Other body systems will be affected, too – in the neurological system we’ll see lethargy, fatigue, muscle aches and weakness, and paresthesias – low and slow nerve impulses, right? Their skin will be dry and pale and they might have puffy eyes and a loss of body hair. Sometimes they will even have this blank expression on their face because of how weak the muscles are – you can see this gentleman has the pale skin, puffy eyes, and expressionless face. Then, as with most diseases, there’s a possibility for acute exacerbation, in this case known as Myxedema Coma. It’s a life threatening condition in which their heart rate and blood pressure dip dangerously low and they can slip into a coma. It can be due to acute illness, or hypothermia, but also if they abruptly stop their medication – so we NEED to teach our patients not to stop their meds without talking to their doctor first.
So when we’re managing hypothyroid patients, we can do a radionuclide scan with radioactive iodine and we’ll see decreased uptake. You can see how this thyroid isn’t very dark – if you watch the hyperthyroid lesson, you’ll see how it looks when it’s fully uptaking that iodine. So if they are hypothyroid and we see decreased uptake, decreased thyroid hormone levels, increased TSH levels, we’ll put them on hormone replacement therapy with levothyroxine or Synthroid. We just want to monitor them closely because we don’t want to overdose them and send them into a thyroid crisis. It all needs to be balanced well. Of course we’re going to monitor their heart and give IV fluids to support their blood pressure. We also need to make sure we maintain an open airway. We are always concerned about this with goiter and thyroid swelling and may consider having tracheotomy supplies available just in case. Since they’re at risk for hypoglycemia and anorexia, we want to monitor blood sugars and give dextrose as needed and encourage good nutritional intake. It’s hard to encourage someone to eat more or better when they’re gaining weight because their metabolism is so slow. We just need to educate them about how important good nutrition is, and to trust the medication.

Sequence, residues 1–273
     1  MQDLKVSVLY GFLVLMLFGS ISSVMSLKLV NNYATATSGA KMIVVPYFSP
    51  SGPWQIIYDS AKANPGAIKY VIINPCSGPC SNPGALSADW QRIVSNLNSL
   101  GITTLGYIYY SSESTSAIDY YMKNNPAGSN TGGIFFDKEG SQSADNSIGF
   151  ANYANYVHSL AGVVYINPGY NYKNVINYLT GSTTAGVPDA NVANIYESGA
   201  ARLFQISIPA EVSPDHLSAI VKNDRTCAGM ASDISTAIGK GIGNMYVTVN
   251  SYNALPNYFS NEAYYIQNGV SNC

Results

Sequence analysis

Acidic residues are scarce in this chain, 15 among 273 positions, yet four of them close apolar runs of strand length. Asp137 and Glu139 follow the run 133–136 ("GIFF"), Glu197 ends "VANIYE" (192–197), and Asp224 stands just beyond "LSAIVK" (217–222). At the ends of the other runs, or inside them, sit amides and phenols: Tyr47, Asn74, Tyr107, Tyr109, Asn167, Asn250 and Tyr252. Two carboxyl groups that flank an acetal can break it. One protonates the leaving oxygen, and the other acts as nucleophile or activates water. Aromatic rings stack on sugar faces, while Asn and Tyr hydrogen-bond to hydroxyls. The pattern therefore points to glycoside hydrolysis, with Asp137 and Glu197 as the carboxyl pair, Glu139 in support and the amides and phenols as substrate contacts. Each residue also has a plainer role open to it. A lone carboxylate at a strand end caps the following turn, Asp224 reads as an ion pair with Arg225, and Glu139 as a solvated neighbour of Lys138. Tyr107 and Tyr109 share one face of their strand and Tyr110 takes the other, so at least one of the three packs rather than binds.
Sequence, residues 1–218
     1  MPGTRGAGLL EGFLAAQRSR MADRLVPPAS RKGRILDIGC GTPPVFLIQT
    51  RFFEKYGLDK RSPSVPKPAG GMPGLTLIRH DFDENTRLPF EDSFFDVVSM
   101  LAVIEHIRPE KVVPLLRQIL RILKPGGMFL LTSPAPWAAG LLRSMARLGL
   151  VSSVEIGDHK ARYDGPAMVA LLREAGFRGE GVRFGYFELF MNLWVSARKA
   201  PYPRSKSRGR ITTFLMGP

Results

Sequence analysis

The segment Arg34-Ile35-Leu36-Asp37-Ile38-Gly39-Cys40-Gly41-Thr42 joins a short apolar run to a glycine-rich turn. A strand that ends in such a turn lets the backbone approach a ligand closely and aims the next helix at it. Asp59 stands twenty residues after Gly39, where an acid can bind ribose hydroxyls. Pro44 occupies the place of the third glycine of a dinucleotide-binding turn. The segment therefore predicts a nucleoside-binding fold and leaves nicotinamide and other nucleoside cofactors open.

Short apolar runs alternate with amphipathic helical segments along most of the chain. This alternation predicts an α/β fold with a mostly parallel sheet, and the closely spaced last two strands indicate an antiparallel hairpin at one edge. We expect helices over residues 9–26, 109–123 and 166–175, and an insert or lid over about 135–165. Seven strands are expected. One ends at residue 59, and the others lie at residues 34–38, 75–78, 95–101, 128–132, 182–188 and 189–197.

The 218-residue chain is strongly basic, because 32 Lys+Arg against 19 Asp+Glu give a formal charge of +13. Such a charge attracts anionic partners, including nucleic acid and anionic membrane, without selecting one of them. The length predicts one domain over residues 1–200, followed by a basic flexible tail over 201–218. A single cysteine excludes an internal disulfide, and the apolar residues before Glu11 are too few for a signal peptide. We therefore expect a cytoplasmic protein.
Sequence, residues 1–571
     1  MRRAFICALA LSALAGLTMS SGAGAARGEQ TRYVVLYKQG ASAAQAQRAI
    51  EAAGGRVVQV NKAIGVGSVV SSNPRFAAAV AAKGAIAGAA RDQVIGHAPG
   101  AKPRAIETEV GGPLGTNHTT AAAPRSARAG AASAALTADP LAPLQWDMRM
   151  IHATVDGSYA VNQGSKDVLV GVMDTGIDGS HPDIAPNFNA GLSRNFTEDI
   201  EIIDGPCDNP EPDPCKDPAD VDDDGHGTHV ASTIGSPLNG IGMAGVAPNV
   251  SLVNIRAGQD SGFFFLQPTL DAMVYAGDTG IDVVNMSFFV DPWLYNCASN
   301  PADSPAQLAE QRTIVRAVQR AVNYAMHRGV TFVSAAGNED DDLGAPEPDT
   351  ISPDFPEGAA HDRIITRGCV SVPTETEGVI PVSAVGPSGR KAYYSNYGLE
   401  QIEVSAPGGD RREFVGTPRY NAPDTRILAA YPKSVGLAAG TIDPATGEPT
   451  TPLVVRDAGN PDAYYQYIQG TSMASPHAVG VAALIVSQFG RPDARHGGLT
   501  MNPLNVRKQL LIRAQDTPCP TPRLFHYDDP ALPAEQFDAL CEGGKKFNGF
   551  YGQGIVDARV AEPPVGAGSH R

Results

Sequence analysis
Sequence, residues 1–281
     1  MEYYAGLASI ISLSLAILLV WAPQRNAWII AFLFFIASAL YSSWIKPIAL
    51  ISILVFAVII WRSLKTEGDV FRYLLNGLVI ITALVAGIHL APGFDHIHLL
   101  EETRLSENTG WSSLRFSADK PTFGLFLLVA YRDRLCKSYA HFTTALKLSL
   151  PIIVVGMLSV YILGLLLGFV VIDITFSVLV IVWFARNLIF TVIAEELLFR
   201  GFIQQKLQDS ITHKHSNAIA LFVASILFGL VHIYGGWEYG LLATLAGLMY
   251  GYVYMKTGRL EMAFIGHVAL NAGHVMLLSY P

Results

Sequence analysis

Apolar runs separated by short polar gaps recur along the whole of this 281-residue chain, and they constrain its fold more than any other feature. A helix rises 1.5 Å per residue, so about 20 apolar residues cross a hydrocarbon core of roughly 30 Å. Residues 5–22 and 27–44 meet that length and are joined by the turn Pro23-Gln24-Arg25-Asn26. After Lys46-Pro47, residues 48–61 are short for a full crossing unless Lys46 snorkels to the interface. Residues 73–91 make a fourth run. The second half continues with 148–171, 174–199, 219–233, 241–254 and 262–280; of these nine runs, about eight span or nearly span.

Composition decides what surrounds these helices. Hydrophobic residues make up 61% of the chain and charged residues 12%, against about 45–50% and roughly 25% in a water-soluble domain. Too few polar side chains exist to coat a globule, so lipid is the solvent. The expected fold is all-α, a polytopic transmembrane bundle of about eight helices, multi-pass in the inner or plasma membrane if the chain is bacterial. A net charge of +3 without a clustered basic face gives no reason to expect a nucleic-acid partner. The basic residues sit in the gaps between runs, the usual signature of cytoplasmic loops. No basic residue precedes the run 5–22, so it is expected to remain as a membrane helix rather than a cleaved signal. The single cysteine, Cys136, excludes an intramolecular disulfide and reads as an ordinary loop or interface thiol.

Our priority nursing concepts for patients with hypothyroidism are going to be hormone regulation, thermoregulation, and nutrition. With that hypometabolic state we really need to make sure they’re getting high quality nutritional intake, and taking their meds appropriately, and we’re monitoring for and preventing Myxedema Coma. Make sure you check out the care plan attached to this lesson for more detailed nursing interventions and rationales.
So, let’s recap. Hypothyroidism is a state of decreased secretion of thyroid hormones, so we see decreased T3, T4, and free T4 levels and increased TSH levels. It could be caused by Hashimoto’s Thyroiditis, iodine deficiency, or removal of the thyroid altogether. Remember when you think hypothyroid, I want you to think hypometabolic. Their blood pressure, heart rate, and temperature all go down and they might even be weak and fatigued. We want to give levothyroxine to increase their hormone levels and monitor those levels closely so we can prevent the risk of Myxedema Coma or Thyroid Storm.
So those are the basics of hypothyroidism, we’ve created a cheatsheet to help you learn the difference between hyper and hypothyroid so make sure you check that out. Now, go out and be your best selves today. And, as always, happy nursing!